Meet Athenaeum of Ohio/Mount Saint Mary’s Seminary graduate Kendall Ketterlin
While The Archdiocese of Cincinnati celebrated Ordination on May 18, several other men graduated from The Athenaeum of Ohio/Mt St. Mary’s Seminary and are readying for their ordination.
The son of Kay Connell and the late Bill Ketterlin, Deacon Kendall Ketterlin will be ordained in the diocese of Kansas City-St. Joseph, Mo., May 25.
He has one brother, Kevin, and is a member of Coronation of Our Lady Parish, Grandview, Missouri.
He attended University of Missouri, where he earned a bachelor’s degree in political science. He also attended St. John’s School of Theology and Seminary (Collegeville, Minn.), earning a master’s degree in pastoral ministry. In addition, he attended Catholic Theological Union, Chicago, and The Catholic University of America.
His vocation led him to offer this advice to others: “While I was helping with recovery efforts after Hurricane Katrina, a young girl who was overwhelmed by all destruction and work that needed to be done asked her dad, ‘Where do we start?’ He answered her quite simply, ‘Look down, and begin at your feet.’ Our vocation is much the same. So long as we keep an eye on where we stand and follow the Spirit in each moment, He will lead us to the life He has prepared for us,” he said.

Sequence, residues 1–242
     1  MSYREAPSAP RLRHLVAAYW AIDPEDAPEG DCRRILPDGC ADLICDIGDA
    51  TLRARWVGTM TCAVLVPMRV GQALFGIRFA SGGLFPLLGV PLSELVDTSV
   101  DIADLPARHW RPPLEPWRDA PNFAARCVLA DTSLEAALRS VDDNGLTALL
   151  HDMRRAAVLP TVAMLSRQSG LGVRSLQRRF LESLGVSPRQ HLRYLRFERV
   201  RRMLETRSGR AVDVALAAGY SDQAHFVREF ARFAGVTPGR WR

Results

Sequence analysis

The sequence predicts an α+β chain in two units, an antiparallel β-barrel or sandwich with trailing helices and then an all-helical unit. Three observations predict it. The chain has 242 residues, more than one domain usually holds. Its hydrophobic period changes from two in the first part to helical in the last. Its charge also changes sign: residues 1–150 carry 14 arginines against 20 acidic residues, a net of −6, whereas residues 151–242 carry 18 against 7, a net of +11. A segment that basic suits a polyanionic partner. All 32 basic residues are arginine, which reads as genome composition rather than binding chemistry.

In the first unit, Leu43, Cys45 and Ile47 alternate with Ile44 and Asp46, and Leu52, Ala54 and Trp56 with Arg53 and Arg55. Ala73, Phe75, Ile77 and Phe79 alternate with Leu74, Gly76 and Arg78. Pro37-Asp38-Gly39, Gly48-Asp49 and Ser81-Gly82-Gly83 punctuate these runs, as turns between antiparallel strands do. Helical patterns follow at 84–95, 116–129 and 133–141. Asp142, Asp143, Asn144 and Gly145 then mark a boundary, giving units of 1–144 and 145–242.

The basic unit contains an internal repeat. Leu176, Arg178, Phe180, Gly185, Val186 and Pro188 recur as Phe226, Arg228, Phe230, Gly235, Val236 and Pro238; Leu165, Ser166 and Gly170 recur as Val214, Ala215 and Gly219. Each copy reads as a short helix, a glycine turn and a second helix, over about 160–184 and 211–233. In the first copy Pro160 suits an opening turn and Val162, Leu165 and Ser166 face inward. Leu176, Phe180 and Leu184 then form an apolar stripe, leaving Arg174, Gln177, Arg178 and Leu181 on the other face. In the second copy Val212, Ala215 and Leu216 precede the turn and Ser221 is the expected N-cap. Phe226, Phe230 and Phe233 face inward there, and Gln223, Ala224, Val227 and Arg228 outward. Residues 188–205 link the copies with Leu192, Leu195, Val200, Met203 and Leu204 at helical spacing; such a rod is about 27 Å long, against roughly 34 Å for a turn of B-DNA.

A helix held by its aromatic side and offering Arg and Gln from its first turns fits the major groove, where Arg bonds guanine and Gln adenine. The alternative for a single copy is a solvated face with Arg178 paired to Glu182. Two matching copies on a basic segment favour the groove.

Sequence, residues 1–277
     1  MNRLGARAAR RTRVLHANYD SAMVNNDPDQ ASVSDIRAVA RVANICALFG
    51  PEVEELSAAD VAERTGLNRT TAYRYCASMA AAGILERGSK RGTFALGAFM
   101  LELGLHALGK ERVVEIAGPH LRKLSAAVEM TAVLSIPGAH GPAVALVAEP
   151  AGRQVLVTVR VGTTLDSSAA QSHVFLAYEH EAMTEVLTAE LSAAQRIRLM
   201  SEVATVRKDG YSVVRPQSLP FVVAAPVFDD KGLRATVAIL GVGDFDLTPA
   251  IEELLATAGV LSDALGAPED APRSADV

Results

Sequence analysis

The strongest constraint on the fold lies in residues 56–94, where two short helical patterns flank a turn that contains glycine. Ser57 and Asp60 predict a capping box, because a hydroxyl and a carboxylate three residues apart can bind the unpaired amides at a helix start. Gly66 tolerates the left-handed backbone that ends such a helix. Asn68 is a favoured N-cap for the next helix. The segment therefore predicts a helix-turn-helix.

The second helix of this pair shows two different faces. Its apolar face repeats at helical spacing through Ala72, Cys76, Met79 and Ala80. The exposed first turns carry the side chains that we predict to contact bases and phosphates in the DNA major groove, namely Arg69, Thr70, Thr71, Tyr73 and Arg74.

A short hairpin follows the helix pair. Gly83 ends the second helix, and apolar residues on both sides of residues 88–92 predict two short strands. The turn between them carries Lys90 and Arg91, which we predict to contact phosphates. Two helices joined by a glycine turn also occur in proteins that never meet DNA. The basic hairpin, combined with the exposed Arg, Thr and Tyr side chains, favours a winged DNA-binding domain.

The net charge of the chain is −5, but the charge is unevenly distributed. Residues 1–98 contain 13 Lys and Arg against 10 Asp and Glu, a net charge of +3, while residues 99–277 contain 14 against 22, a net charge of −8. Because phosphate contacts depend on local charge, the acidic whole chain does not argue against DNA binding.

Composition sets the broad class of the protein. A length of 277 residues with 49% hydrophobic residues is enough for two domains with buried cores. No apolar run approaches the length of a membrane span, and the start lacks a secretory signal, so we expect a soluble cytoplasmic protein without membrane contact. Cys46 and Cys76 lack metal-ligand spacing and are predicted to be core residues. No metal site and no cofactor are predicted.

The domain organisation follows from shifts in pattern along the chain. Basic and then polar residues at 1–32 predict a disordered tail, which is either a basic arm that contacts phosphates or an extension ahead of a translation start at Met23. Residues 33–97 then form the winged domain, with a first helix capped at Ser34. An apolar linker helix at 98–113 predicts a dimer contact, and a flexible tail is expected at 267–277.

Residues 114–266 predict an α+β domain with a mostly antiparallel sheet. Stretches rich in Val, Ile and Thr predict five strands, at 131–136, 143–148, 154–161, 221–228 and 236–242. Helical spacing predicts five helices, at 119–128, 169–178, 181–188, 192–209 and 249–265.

Deacon Ketterlin’s journey has been a long one. “While working as the director of campus ministry, I began to realize that having committed my life as a lay minister still left something unfulfilled in what God was calling me to do,” he said. “I discovered that I would only be truly fulfilled if I gave my life entirely to Christ through either religious life or as a diocesan priest. I first joined the Missionaries of the Precious Blood, and then spent three years and professed vows with the Order of Carmelites.”
“While with the Carmelites, I found that I had the gifts suited for diocesan ministry and a strong desire for a more active life. I then joined the Diocese of Kansas City-St. Joseph.”
Deacon Ketterlin said the preparation for the priesthood has been complex. “In many ways, it is like a veil that has been hung over at this point of my life, serving both as a symbol attracting me forward, and a shield, preventing me from seeing what lies beyond,” he said. “I am intrigued to see what lies beyond this veil.”